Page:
President of India Signs Law Banning Beef Trade in Maharastra

MUMBAI: Beef-steak and beef chilli fry are going to be off the menus in this world city with Maharashtra’s new law which extends the existing ban on cow slaughter to bulls and bullocks. This means that across the state only buffalo meat can be eaten or served, whether it is in the privacy of your home or in a five-star hotel. Those who violate the law face up to five years in jail and fines up to Rs 10,000.

The fine print of the Maharashtra Animal Preservation (Amendment) Act 1995, which received presidential assent this week, shows just how stringent the ban is. It prohibits the very possession of these meats. Their import and export is banned. So is the transport, sale or purchase of cows, bulls and bullocks for the purpose of slaughter.

Beef is priced at just half the rate of mutton and is the most affordable red meat. It enjoys a large market with roughly 9 lakh kilograms consumed in the city daily. Of this roughly 80% is beef and 20% is buffalo meat, beef traders say. Around 450 large animals are slaughtered daily at the Deonar abbatoir in the city.

The state contributes around 25% to the country’s beef and buffalo meat market. Less beef in the market could drive up prices of mutton and chicken, traders say.

Maharashtra had banned the slaughter of cows and calves in 1976. The new law extends the ban to bulls and bullocks. It only excludes female buffaloes and their calves which need a fit-for-slaughter certificate before being butchered. Several states have already enacted similar laws.

With the “protection of cows and their progeny” on the BJP’s manifesto, the Devendra Fadnavis government actively pushed to get the law enacted. It had been passed by the Maharashtra assembly 19 years ago and was awaiting presidential assent.

Beef trade to be hit:

The new law is set to cripple the beef trade on which roughly 1.5 crore people in Maharashtra depend. The trade is mainly controlled by the Muslim Querishi community. Dalits are involved in the hide business and also in the transportation of the bovines.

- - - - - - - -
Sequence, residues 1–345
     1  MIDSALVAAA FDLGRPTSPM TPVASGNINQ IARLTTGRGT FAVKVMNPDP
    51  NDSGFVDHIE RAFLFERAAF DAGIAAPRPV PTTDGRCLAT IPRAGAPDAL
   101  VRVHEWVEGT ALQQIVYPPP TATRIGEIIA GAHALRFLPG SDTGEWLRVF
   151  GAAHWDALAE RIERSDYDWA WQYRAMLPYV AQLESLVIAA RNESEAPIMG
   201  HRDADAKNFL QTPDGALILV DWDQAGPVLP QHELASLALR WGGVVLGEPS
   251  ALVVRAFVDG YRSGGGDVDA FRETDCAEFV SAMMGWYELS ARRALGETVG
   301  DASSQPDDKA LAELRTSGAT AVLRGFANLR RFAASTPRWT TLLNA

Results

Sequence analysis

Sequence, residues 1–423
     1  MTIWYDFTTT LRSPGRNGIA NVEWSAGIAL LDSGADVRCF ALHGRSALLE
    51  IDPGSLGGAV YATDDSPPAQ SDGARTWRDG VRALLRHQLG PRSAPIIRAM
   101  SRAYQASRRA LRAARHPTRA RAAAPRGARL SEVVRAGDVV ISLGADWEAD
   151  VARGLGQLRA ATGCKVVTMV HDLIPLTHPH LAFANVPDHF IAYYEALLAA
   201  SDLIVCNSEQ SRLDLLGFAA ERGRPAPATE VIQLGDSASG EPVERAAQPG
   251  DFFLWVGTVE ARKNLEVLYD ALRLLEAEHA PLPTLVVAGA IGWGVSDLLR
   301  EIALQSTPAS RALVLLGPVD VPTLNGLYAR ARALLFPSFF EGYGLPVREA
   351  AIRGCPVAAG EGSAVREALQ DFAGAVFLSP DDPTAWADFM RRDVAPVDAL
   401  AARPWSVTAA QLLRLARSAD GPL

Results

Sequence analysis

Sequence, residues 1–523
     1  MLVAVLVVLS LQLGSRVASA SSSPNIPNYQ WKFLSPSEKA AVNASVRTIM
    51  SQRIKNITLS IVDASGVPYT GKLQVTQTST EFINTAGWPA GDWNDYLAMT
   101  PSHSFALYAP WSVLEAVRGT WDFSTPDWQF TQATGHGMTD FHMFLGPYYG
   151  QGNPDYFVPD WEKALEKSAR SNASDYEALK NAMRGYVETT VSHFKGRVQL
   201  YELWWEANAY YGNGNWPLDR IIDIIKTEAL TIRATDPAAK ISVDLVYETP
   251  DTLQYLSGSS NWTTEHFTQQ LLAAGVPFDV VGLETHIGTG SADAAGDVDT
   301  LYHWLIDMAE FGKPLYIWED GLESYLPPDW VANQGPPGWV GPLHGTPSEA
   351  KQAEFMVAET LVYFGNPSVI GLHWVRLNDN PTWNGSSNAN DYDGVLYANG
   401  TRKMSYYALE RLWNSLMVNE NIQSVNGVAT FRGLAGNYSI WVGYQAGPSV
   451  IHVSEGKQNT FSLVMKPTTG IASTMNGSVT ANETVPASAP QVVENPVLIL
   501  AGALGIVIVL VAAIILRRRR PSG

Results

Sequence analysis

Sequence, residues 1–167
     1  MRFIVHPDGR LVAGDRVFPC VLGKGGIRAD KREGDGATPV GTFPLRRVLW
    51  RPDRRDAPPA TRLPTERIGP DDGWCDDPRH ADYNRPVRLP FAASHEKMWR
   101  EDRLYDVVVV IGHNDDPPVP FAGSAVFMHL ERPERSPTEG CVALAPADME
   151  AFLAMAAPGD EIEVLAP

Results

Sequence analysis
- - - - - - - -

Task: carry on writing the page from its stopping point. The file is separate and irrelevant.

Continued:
Mumbai has 900 licensed beef stalls and an equal number of unlicensed ones. “Each stall employs at least four people. Add to that, the thousands associated with the transport of the animals. All of them will be hit by the ban,” says Mohammed Ali Qureishi, president of the Mumbai Beef Dealers Association.

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Traders say the ban could also impact farmers who sell aged cattle to abattoirs. Even spin-off businesses like the leather trade could be affected since buffalo skin is considered inferior, says Qureishi.

Traders mull court intervention:

A section of the beef-trading community is thinking of challenging the law in the high court. “We are consulting lawyers,” says Mahfooz Qureishi, president, Mumbai Beef Wholesale and Retail Association. Recently beef traders in Mumbai went on a one-month strike to protest against right-wing groups who were allegedly obstructing the transport of cattle from rural Maharashtra to the Deonar abattoir.

Community leaders are worried that the law will affect festivals like Bakri Id which involve animal sacrifice. Since goats are expensive, many Muslim families prefer to sacrifice bullocks for the festival, says ex MLA Bashir Patel.

Christian groups protest too:

Christian groups too have protested against the new law. Gordon D’souza, president of the Bombay Catholic Sabha, points out that beef is an important part of the non-vegetarian diet of the poor. “Religion is personal and the government should not impose their dictates,” he says.

Source: The Times of India